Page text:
SEC brings down global cryptocurrency pyramid scheme

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Officials say there are things investors can do to avoid a potential scam

The Securities and Exchange Commission (SEC) has charged 11 people for creating and promoting Forsage, a fraudulent cryptocurrency pyramid and Ponzi scheme that raised more than $300 million from millions of retail investors worldwide. While the lead actors in the scheme are foreign nationals, several of the charged individuals are U.S.-based promoters who were hired to pump up Forsage on websites and social media platforms.

The SEC said Forsage has operated as a pyramid scheme for more than two years. The fraudulent system allowed retail investors to enter into transactions via smart contracts that operate on the Ethereum, Tron, and Binance blockchains. 

Unfortunately for defrauded investors, cease and desist actions by federal, state, and foreign officials failed to stop Forsage from continuing to perpetuate its scheme. Emboldened by the regulators’ failures, the defendants allegedly continued to promote Forsage while denying legal claims on YouTube, its website, and other means.

The SEC didn’t release figures on how many people were ripped off by the scheme, but ConsumerAffairs found 7,500 members who were part of a Forsage-related Facebook group.

"As the complaint alleges, Forsage is a fraudulent pyramid scheme launched on a massive scale and aggressively marketed to investors," said Carolyn Welshhans, Acting Chief of the SEC’s Crypto Assets and Cyber Unit. "Fraudsters cannot circumvent the federal securities laws by focusing their schemes on smart contracts and blockchains."

While the eleven who were charged have yet to comment, the SEC said two of those charged have agreed to settle the complaint. One other investor has agreed to pay penalties.

How to protect yourself from pyramid schemes

Pyramid and Ponzi schemes are investment scams that promise high rates of return with little risk. The scams build credibility by giving early investors returns on their investments. However, that money comes from the investments of later investors and not as an actual return that honest investments – such as real estate or stocks – produce.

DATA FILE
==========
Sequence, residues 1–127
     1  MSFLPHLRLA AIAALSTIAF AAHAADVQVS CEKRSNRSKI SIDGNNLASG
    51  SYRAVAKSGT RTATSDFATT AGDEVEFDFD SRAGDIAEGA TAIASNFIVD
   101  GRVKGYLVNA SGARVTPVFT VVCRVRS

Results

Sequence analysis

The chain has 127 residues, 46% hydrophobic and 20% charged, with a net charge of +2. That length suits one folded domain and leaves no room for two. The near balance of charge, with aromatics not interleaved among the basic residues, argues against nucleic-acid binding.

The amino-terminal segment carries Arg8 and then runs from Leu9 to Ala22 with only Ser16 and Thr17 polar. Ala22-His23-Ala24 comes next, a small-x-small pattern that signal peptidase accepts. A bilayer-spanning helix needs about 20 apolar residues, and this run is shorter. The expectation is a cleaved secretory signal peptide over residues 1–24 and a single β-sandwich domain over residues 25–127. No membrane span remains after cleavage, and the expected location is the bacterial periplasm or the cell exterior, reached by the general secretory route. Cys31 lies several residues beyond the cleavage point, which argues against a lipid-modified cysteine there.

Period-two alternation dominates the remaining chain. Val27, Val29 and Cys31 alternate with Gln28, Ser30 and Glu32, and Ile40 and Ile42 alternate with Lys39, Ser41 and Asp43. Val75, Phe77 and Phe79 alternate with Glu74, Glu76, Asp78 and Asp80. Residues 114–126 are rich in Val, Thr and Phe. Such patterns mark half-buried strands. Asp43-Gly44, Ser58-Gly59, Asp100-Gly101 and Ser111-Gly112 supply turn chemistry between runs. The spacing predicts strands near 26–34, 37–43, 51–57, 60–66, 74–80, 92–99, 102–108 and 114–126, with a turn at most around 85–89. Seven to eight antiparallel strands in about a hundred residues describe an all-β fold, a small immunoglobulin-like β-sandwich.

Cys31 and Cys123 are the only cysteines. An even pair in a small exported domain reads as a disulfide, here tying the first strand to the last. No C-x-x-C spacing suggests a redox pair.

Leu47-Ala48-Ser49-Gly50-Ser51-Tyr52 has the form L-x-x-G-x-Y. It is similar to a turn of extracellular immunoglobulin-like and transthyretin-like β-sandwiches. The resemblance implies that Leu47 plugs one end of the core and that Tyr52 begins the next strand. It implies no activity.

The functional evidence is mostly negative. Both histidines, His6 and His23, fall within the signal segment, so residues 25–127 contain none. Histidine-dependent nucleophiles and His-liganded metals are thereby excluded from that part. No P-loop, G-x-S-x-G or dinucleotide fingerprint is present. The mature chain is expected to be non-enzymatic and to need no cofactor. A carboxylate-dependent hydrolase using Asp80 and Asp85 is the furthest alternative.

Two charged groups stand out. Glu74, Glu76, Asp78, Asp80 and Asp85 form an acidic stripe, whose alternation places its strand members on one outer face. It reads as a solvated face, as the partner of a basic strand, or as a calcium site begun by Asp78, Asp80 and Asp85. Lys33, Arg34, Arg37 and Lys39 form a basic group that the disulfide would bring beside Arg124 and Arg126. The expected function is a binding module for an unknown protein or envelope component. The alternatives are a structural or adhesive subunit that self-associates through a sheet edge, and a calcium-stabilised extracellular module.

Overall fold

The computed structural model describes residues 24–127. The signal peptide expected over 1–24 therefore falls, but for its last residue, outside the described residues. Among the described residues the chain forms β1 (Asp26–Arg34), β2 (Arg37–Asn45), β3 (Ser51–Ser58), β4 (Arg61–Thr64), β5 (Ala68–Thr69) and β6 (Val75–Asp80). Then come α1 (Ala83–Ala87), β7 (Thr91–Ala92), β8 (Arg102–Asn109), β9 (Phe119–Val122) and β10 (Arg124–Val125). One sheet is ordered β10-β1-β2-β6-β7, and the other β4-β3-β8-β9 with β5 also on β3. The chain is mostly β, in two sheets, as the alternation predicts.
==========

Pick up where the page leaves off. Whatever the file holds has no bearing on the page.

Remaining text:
The SEC has created a website – – that details the characteristics of these schemes that investors should be on the lookout for. Here are the common warning signs:

High returns with little or no risk. Naturally, every investment carries some degree of risk, with high-return investments involving more of it. The SEC says investment opportunities that use the word “guaranteed” in their pitch should raise red flags for investors.

Overly consistent returns. Anyone who’s invested in the stock market knows that they’ll probably have to endure the occasional spikes and dips. To that end, the SEC says investors should be skeptical about any investment that regularly generates positive returns regardless of overall market conditions.

Unregistered investments. If an investment isn’t registered with the SEC – like most Ponzi schemes –  that is a red flag that investors should investigate further. Registration is important because it provides investors with access to information about the company’s management, products, services, and finances.

Unlicensed sellers. Most Ponzi schemes are carried out by unlicensed individuals or unregistered firms. Federal and state securities laws require investment professionals and firms to be licensed or registered. Every investor should ask for proof of licensing and registration and, if possible, verify it with the SEC.

One thing that ConsumerAffairs found that might be helpful is the SEC’s “Investment Adviser Public Disclosure” site. It allows investors to search the names of investment companies and promoters, including their years of experience and disclosures.

Secretive, complex strategies. If you see an investment that’s difficult to understand, or you can’t get complete information about it, you’re better off keeping your money to yourself.

Issues with paperwork. Ponzi and pyramid schemers frequently make mistakes on account statements. If you see one, it could be a sign that your funds are not being invested as promised.

Difficulty receiving payments. Lastly, be suspicious if you don’t receive a payment or have difficulty cashing out your investment. Remember – Ponzi scheme promoters need your money to show that the scheme works for the investors upstream. If an investment group tries to prevent you from cashing out by offering even higher returns for staying put, you should take action immediately and seek help from officials if necessary.

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